The dual owners of the Red Sox and the Liverpool Football Club are among the owners of rich European soccer teams that last night announced a new league that has millions of fans across the continent screaming for their heads.
The clubs announced a new "super league," more akin to American pro sports leagues, where there's never a chance a minor-league team can do so well it makes it to the majors, which then "relegates" a team down to the minors. Imagine if the Sox were made a AAA team, or whatever they call them now, after last year's dismal performance (or imagine if the Sox, the Yankees and the Dodgers announced a new league that excluded teams like Cleveland and St. Louis).
Europeans love this system, it seems. Dave Prentice, sports editor of the Liverpool Echo, tears into Henry and Werner today:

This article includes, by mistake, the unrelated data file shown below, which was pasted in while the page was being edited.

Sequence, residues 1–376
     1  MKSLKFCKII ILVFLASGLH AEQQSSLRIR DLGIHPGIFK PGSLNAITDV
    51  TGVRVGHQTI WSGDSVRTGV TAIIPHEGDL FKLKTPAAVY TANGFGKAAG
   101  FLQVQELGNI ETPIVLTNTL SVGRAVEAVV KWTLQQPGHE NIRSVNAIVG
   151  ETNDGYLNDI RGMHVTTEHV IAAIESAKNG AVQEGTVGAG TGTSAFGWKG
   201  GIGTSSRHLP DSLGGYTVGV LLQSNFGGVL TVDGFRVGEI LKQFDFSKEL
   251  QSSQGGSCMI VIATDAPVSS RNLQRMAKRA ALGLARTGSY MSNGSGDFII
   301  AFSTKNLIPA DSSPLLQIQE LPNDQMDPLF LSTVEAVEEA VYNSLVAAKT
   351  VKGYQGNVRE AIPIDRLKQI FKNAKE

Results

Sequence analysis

It has been five years since John W. Henry, Tom Werner and Mike Gordon put their names to a statement, claiming they were "troubled" by the perception that they "don’t care about our supporters, that we are greedy, and that we are attempting to extract personal profits at the club’s expense."
I hope they slept well last night.
I didn't. Nor did the hundreds of thousands of supporters they claim to represent as news broke of their involvement in a radical reshape of the entire structure of European football. ...
Henry, Werner and Gordon appear to have ripped up almost 70 years of European tradition and history without a single word of explanation why.
The Guardian explains the new system.
Shame on LFC.